About the Film
An Independent Judiciary examines both the impact Chief Justice John Marshall had on defining the role of the judiciary in the republic’s crucial early years, as well as two episodes in the struggle to ensure that judicial independence be accepted by the other branches of the government and the people themselves as a fundamental principal of American life.
We speak with Associate Justice Stephen Breyer as well as some of the foremost Constitutional scholars and John Marshall experts to understand the role the Chief Justice played in shaping the Supreme Court, the judiciary and the nation. Professor James Simon, the author of the Marshall biography What Kind of Nation and Dean Emeritus at New York Law School, provides insight and context to help understand Chief Justice Marshall’s impact on the early republic. Meanwhile, Professors Laurence Tribe and Charles Ogletree of Harvard Law School guide us through Marshall’s most important case, Marbury v. Madison, and the principle of judicial review it helped establish.
We also review two historical episodes, over 120 years apart, that have proven just how important judicial independence is to a free and democratic country.
The first episode is the Cherokee Nation’s attempt in the 1830s to retain its territory in Georgia. The tribe chose not to fight on the battlefield but in the courts, which gave it a fair hearing. But the Supreme Court’s final ruling in favor of the Indian tribe, written by Chief Justice John Marshall as he was nearing the end of his illustrious time on the Court, was defied by President Jackson and Georgia state officials. The result was not only a weakening of the judiciary’s standing in the federal government and in the eyes of the people, but also a national tragedy and one of the darkest chapters of American history, the Trail of Tears. Associate Justice Stephen Breyer discusses the impact this case had on the Court, and Cherokee storyteller Gayle Ross, a descendent of the Cherokee Nation’s Principal Chief during these tumultuous times, the esteemed John Ross, explains how the nation’s defiance ultimately led to the death of thousands of Cherokee Indians.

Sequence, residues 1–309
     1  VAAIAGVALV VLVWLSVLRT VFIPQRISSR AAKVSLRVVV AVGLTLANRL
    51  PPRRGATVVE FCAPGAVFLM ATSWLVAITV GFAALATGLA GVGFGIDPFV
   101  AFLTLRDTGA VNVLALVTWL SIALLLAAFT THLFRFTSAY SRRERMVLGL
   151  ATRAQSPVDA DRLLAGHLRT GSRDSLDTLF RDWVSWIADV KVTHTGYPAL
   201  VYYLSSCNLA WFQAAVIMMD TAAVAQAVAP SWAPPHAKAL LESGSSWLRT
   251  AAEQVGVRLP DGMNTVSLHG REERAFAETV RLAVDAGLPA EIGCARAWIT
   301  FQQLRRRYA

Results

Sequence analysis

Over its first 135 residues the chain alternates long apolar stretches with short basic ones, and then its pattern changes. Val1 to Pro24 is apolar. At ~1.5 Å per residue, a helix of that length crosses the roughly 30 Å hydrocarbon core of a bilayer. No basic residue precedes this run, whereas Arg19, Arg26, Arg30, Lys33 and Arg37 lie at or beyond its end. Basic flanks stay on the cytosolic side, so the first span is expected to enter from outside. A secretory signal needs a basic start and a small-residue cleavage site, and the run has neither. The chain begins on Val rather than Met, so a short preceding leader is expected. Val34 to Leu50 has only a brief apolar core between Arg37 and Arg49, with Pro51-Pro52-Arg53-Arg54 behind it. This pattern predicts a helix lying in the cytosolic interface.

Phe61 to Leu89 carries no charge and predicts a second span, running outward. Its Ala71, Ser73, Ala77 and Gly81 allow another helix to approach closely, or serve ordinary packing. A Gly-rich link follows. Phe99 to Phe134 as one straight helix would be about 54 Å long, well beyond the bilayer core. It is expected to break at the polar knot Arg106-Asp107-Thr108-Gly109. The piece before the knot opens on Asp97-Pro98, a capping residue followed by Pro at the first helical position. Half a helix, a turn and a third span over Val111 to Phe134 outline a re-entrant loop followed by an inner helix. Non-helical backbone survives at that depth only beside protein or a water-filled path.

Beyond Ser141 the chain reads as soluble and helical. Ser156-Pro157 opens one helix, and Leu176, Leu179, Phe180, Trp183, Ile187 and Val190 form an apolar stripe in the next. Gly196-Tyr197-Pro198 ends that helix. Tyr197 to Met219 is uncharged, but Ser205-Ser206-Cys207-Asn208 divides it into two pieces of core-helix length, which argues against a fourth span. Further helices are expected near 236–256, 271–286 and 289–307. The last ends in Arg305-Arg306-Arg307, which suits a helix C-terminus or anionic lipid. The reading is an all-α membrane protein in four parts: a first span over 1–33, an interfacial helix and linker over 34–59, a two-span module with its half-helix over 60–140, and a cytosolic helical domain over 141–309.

By the time of our second episode, in 1957, the Constitution and the nation had been changed by Civil War and a century’s experience. This time, the Executive fulfilled his charge to carry out the law by integrating the public schools of Little Rock, Arkansas despite public protests and the open defiance of Arkansas Governor Orval Faubus. Captured on film, President Dwight Eisenhower turns a terrible moment in the nation’s fight for equal rights into a Constitutional triumph, and the Supreme Court affirms that justice depends on judicial independence.
At the center of the fight to integrate Little Rock Central High School was the Little Rock 9, a group of teenagers who bravely faced outright public hostility to their desire to attend one of the most prestigious high schools in Arkansas.
An Independent Judiciary is part of a series of films produced for Annenberg Classroom, a project of the Annenberg Foundation Trust at Sunnylands in partnership with the Annenberg Public Policy Center of the University of Pennsylvania. AnnenbergClassroom.org is an online gateway to award-winning resources for students and teachers.
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Learn more about Chief Justice John Marshall
Learn about the Cherokee Nation
Read about the Cherokee Nation’s first principle chief, John Ross
See who the Little Rock Nine students were
Producer, Writer and Narrator, Robe Imbriano
Associater Producer, María E. Matasar-Padilla
Editor, Marc Tidalgo
Graphics Animators, Jimmy Higgins and Stevie Clifton
Camera, Edward Marritz and Daryl Pendana
Production Associates, Caitlin Costin and Thomas Beckner
Coordinating Producer, Gabrielle Tenenbaum
Sound, Mark Mandler
Music, Ben Decter and Gavin Allen
Senior Producer, Kayce Freed Jennings
Executive Producer, Tom Yellin